I used two dots to find a good spot. One on the inside, one on the outside. I started out with both dots lined up with each other. When making an adjustment, I moved the outside dot, and left the inside dot where it was as a placeholder. If I liked the outside dot placement, I moved the inside placeholder to line up with it. This way I could make changes and reverse them.
 

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A lot of people have this problem , including me . The way I found out I had it was when I shot doubles , usually on posts one and two ( I'm a right hand shooter ) , I noticed occasionally I would shoot at the second target and the sight picture would appear that the barrel would be behind the target but I would still break it . I asked a AAA doubles shooter and after a session he told me it was quit common . I fixed the problem with a sight fence . Hope this helps .
 

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IF you see the left side of your rib/gun, your left eye IS taking over PERIOD!!!

For the VAST MAJORITY of the shooters, I have "coached" or just observed smaller is not only NOT better, but it is also generally MUCH WORSE.

I have learned this the hard way by watching (or even in my early teaching days recommending ) students go smaller w/ dots-tape and watching scores fall off the cliff.

I know several shooters that are "dotted" small and it works great, for them.

My conclusion, test it all and go with what works best for YOU.
 

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Discussion Starter · #12 ·
IF you see the left side of your rib/gun, your left eye IS taking over PERIOD!!!

For the VAST MAJORITY of the shooters, I have "coached" or just observed smaller is not only NOT better, but it is also generally MUCH WORSE.

I have learned this the hard way by watching (or even in my early teaching days recommending ) students go smaller w/ dots-tape and watching scores fall off the cliff.

I know several shooters that are "dotted" small and it works great, for them.

My conclusion, test it all and go with what works best for YOU.
I think I’m right eye dominant MOST of the time. In favorable conditions and when I’m shooting well I think it’s because my eyes are cooperating and my right eye picks up the bird first and locks on. I do think if my left eye somehow picks up the bird first I’m in trouble causing me to crossfire.

I’m wondering if I change my hold points lower it will give my right eye a better chance at locking on. Maybe I’m overthinking all of this.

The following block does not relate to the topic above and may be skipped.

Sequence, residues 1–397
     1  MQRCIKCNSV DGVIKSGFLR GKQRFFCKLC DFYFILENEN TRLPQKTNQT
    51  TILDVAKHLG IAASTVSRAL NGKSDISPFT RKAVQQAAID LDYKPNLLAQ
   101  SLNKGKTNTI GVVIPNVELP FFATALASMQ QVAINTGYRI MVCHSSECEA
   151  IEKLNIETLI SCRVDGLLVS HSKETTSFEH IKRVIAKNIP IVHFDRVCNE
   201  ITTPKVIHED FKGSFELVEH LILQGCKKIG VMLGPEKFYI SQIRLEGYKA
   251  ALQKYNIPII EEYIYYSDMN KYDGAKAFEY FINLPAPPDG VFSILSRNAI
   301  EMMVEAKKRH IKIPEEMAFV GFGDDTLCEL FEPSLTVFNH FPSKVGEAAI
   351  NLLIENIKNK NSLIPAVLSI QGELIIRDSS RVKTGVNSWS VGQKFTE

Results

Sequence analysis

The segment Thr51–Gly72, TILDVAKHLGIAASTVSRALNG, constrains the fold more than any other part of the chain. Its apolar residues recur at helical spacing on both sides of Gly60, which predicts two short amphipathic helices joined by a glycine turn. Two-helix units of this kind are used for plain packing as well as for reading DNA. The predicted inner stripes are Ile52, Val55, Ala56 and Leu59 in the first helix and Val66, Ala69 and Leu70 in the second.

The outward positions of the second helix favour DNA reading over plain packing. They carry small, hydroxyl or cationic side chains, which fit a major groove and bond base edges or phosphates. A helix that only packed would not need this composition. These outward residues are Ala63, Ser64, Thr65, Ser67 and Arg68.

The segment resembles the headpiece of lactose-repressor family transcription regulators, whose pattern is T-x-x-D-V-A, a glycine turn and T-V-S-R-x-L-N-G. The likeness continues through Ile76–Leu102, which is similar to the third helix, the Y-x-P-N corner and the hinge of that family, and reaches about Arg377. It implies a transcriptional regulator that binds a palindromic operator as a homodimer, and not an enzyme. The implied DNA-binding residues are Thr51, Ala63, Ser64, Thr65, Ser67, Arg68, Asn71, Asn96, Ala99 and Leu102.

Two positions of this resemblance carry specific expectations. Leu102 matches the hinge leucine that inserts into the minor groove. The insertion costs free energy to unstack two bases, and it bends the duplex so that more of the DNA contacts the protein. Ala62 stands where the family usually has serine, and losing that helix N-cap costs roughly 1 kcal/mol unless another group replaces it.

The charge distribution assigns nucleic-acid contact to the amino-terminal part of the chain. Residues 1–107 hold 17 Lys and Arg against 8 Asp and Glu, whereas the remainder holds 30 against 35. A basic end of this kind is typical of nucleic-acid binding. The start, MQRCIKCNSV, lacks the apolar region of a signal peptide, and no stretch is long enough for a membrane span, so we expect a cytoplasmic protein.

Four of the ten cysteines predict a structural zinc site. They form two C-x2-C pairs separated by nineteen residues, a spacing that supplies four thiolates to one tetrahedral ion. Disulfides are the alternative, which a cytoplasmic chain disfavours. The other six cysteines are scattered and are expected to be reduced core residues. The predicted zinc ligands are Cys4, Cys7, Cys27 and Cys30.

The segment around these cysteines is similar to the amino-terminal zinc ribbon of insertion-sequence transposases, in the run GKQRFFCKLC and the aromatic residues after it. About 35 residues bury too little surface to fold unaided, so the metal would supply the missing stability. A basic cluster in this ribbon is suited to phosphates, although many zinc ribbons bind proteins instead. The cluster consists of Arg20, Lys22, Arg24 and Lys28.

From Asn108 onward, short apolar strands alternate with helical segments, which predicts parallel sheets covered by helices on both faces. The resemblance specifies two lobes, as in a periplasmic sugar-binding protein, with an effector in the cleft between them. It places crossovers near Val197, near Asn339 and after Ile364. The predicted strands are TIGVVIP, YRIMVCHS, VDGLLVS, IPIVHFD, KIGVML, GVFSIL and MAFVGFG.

But I appreciate your time and feedback.
 

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Happens to me all the time. I just [ 15 years ago ] put a small patch on the off eye glass to block out the end of the muzzles. Works great.
 

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I have changed my hold point rec's in my latest DVD (coming soon). I recommend trying moving hold point left on each of the posts so that you can keep the target on the right side of the barrel as long as possible.

Try it- some feel it works great and others have trouble moving and changing a habit that is totally ingrained in your brain.
 

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When I started seeing the left side of the rib I cured it by crossing my eyes. Scores haven't changed:018:
Everybody likes a little ass now and then but nobody likes a smart ass.
 

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i guess I was curious if seeing the side of the ribs was normal. I wasn’t sure if it meant my left eye was taking me completely off target or was just joining in on the party. I tried taping my lense and mounting my gun. It takes away the side of the gun for the most part.
Is your master eye high enough above the rib. 1 1/2 to 1 3/8 DAC is pretty normal depending on facial structure.If your master eye is to close to the rib and you tip your head forward a little when you mount,you will crossfire quite a bit.You may be peeking at your bead when you shoot the target which will stop the muzzle and maybe causing your eye above the rib to not see the target clearly. I feel the biggest offender is a stock that don't fit.YOU MUST KEEP HEAD ON THE STOCK .JMHO
 

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Discussion Starter · #18 ·
So I’ve shot several rounds over last few days and experimented. I’m definitely cross firing. Shooting one eyed FIXED it. However it created a new problem as I couldn’t catch hard rights or lefts.

I tried tape, winking and none of the worked.

I think I’m onto something. Wearing a baseball cap and riding the front of the stock has been promising. I’m not seeing the side of barrel anymore and it allows me to keep both eyes open. I shot a 23.

I think my stock is too long. I really have to lean in to close that 2-3 finger gap. My forearm hand is sore from pulling the gun into my shoulder so hard.
 

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Kim Rhode appears to be using the bill of her cap + tape to block the off eye